Opened by jazz musician Bill Kyle, the Jazz Bar was born out of a passion for jazz and it continued for most of its life in this way, with many supporters amongst the Scottish jazz community. But this bar was more than just a jazz bar. People who weren’t that into jazz often checked it out for its speakeasy atmosphere and its signature Espresso Martini. After Bill died in 2016 his daughter took over the running of the bar, but sadly announced its closure in April 2024, citing the cost of living crisis as the reason.

6. Tom’s Bar, Berlin

Tom's Bar Berlin

Described as ‘not for those who are shy or timid’ by Juergen Scheunemann in his book ‘Top Ten Berlin’, this iconic gay bar opened in 1982. It was originally a traditional pub, but it soon became known as a place to end the night and a pick up joint with a darkroom. It was the gay bar in town that tourists would check out, and it’s where Marlene Deitrich and Christopher Isherwood hung out. It closed in February 2024 and is being reinvented as a new gay club. 

7. Circle Bar, Santa Monica

Opened in 1949, The Circle Bar didn’t look like much from the outside, but its reputation preceded it, counting Truman Capote and Jim Morrison as its guests. It was a no-frills bar with a small dance floor and booths for private parties, and its refusal to follow in the area’s gentrification and become something it never was, could have been what led to its closure in 2023. Visitors loved its dive bar feel, but it was sadly left behind as the area moved on.

8. Forty Thieves, Kenya

Diani Beach in Kenya

Set right on Diani Beach front, Forty Thieves offered a family friendly place for a drink and a bite to eat by day, and by night the dance floor would fill with revellers looking to let their hair down in the most picturesque location imaginable. It was an iconic Kenyan bar and a place tourists made a bee-line for when staying by the beach. Sadly, management differences that seem to be irreconcilable led to the bar’s closure in 2018. Today, the bar is a sorry-looking ruin by the sands.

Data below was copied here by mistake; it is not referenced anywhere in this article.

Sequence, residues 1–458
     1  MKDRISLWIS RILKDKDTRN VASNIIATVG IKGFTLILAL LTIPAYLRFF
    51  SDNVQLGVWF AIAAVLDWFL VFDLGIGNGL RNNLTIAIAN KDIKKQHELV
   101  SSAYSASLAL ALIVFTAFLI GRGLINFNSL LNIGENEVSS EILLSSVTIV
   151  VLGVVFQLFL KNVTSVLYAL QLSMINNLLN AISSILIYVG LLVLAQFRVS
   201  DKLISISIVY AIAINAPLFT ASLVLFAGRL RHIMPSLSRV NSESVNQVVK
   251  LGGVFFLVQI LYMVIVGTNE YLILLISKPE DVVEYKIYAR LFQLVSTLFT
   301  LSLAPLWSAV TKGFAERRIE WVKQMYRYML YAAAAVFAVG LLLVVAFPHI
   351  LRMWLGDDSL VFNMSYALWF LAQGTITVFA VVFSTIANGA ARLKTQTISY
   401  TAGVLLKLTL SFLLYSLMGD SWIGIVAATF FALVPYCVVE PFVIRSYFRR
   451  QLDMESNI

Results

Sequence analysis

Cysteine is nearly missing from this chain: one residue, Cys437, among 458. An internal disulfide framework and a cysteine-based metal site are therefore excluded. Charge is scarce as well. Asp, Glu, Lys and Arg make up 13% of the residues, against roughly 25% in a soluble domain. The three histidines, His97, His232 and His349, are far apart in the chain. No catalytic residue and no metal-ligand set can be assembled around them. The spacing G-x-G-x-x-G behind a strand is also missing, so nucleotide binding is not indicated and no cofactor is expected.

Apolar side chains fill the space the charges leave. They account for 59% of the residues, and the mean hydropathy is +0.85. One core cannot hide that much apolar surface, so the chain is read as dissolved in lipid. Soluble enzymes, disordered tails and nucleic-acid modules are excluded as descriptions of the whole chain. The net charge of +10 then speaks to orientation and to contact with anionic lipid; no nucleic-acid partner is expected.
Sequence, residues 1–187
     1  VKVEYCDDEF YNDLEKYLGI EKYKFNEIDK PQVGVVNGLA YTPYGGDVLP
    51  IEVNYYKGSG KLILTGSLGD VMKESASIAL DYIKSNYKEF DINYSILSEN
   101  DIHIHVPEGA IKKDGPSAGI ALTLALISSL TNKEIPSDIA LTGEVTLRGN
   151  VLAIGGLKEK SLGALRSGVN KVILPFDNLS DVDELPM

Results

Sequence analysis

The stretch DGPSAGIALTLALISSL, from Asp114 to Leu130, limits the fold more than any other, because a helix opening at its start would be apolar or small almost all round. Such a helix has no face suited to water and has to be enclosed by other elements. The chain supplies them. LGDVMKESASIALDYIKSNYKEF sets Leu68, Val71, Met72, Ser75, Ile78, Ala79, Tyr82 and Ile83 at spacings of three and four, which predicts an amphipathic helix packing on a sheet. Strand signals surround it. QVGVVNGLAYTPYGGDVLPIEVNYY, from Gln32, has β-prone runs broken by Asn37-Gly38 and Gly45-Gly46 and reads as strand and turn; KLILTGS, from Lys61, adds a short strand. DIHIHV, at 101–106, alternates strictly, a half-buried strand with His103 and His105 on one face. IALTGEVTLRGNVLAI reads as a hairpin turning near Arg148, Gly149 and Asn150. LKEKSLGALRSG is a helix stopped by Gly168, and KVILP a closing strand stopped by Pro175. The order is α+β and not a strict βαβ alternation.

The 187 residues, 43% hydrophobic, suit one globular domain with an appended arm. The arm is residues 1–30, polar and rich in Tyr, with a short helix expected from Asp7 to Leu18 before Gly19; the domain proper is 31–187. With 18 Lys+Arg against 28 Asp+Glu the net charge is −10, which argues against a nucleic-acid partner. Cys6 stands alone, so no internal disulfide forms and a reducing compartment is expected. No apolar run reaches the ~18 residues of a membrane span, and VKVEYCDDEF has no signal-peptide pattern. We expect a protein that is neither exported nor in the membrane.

9. Bordeaux, Japan

Photo by @ tiptoeingworld

Mitsumasa Yonai, the 37th prime minister of Japan visited this European style bar in Ginza, and famous businessman, Jiro Shirasu loved it so much here he had a permanently reserved seat by the fire. The bar opened in 1927 and maintained its historic interiors and its iconic old wooden doorway, while all around it more modern structures were built. It closed in 2016 following the owner’s ill health, and a queue of locals and tourists, eager to experience it before it was too late, stretched down the street on its last night.  

10. Bar Rouge, Shanghai

Famous for its stunning rooftop bar, Bar Rouge was the place to go for champagne at sunset and a cheeky cocktail or two over the latest gossip with friends. The vibe was over-indulgence, decadence, and simple good times. While at first the bar appeared to have survived lockdown and announced a temporary closure, by 2022 it seemed clear to all that the bar wasn’t about to reopen. As it’s still closed, we can only assume the days of popping corks on the terrace are over.